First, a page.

The following sections describe how to use the BEA SNMP Agent Integrator component with other SNMP agents:
A BEA SNMP agent started as an SNMP agent—started with the
-s option—and running under the BEA SNMP Agent Integrator is known as a non-SMUX peer agent. A non-SMUX peer agent must be started before starting the BEA SNMP Agent Integrator.
Each non-SMUX peer agent running on the managed node must have one or more
NON_SMUX_PEER entries in the BEA SNMP Agent
beamgr.conf configuration file. The syntax of
NON_SMUX_PEER entries is described in Configuration Files.
|Note:||"Non-SMUX peer agent" and "peer SNMP agent" are identical terms. A non-SMUX peer agent, or a peer SNMP agent, is an SNMP agent running under the BEA SNMP Agent Integrator.|
NON_SMUX_PEER entry lists the port that the BEA SNMP Agent Integrator is to use in communicating with the non-SMUX peer agent. When the agent is started, it must be configured to listen on the port assigned to it in the
NON_SMUX_PEER entry (or entries) in the
NON_SMUX_PEER entry for a non-SMUX peer agent lists a branch of the OID tree for which the agent is responsible. If agent A is listed as responsible for a certain branch of the OID tree, then management requests for objects within that branch will be passed on to agent A by the BEA SNMP Agent Integrator.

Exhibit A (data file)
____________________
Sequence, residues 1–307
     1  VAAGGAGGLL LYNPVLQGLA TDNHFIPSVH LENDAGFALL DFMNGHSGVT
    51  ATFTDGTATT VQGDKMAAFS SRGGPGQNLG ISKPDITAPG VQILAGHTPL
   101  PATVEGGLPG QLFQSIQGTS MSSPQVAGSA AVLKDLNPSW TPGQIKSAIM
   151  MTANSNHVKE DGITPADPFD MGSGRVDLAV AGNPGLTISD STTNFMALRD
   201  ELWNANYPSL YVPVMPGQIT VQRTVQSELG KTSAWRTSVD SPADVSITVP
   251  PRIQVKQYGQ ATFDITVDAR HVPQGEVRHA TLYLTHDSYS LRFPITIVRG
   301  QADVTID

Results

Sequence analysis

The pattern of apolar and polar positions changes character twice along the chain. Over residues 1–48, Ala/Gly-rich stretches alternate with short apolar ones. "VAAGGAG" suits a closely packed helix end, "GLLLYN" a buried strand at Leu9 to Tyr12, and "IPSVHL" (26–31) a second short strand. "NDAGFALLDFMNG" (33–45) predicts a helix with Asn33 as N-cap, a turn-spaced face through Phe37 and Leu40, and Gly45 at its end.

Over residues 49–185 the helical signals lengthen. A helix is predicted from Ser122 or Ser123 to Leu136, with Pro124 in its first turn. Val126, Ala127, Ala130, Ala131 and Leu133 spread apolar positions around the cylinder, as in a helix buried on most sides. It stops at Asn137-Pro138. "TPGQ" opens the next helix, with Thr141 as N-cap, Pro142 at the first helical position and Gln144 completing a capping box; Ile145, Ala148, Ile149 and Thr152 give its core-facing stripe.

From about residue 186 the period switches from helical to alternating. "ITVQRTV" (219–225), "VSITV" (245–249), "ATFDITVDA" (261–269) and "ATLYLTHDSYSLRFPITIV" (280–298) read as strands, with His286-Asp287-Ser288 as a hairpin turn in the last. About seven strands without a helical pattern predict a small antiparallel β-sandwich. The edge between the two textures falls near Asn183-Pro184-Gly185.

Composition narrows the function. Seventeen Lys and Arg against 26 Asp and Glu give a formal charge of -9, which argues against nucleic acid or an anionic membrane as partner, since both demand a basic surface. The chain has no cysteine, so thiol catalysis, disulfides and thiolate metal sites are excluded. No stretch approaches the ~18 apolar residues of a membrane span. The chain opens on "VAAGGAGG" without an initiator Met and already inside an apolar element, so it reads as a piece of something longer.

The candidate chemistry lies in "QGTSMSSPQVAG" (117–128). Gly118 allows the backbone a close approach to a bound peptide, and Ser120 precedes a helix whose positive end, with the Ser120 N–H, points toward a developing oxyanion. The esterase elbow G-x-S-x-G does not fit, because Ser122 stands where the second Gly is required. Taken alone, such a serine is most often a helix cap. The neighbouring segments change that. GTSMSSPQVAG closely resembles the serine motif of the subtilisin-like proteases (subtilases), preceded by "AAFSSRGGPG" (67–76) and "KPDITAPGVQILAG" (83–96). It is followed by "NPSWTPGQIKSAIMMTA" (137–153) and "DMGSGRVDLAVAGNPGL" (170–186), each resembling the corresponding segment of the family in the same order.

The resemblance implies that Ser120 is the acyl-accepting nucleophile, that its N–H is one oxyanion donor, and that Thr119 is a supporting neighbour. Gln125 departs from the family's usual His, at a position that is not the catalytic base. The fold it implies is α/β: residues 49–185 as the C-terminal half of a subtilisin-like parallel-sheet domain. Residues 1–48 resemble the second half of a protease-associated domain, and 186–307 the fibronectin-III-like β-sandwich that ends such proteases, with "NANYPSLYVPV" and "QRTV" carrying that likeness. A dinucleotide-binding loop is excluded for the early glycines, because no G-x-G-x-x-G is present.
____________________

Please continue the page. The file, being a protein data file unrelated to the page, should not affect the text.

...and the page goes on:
NON_SMUX_PEER 2001 snmp .220.127.116.11.2.1.1,ro
NON_SMUX_PEER 2002 squid .18.104.22.168.4.1.141 .22.214.171.124.4.1.145
NON_SMUX_PEER 161 * .126.96.36.199.4.1.140 .188.8.131.52.4.1.145
The first entry tells the BEA SNMP Agent Integrator to look for an SNMP agent at port 2001. All the requests from the BEA SNMP Agent Integrator to this SNMP agent will use
snmp as the community. The agent supports the subtree
.184.108.40.206.2.1.1, and is available for read-only commands.
The second entry tells the BEA SNMP Agent Integrator to look for an SNMP agent at UDP port 2002. All the requests from the BEA SNMP Agent Integrator to this SNMP agent will use
squid as the community. The agent supports the subtrees
.220.127.116.11.4.1.145. Because no access option is specified, both subtrees default to read-write.
The third entry lists an agent at UDP port 161. The asterisk means that the BEA SNMP Agent Integrator uses the community string supplied by the management station. The agent supports two subtrees:
.18.104.22.168.4.1.145. The subtree entries list no access information, so access defaults to read-write.
|Note:||The SMUX protocol provides that SMUX subagents automatically register the sections of the OID tree that they support with the master agent. Hence, it is not necessary to add specific configuration file entries to specify which sections of the OID tree are accessible from the SMUX subagents. However, this default behavior can be overridden using a configuration file
If two agents, A and B, conflict in the portions of the OID tree for which they are responsible, then the
NON_SMUX_PEER entries that define these responsibilities must assign a distinct priority to the two agents. The BEA SNMP Agent Integrator thus refers requests for objects in the overlapping area to the agent with the lowest priority number. (The lower the priority number, the higher the priority.) For example:
NON_SMUX_PEER 2008 * .22.214.171.124.2.1.4,rw,8
NON_SMUX_PEER 2009 * .126.96.36.199.2.1.4,ro,5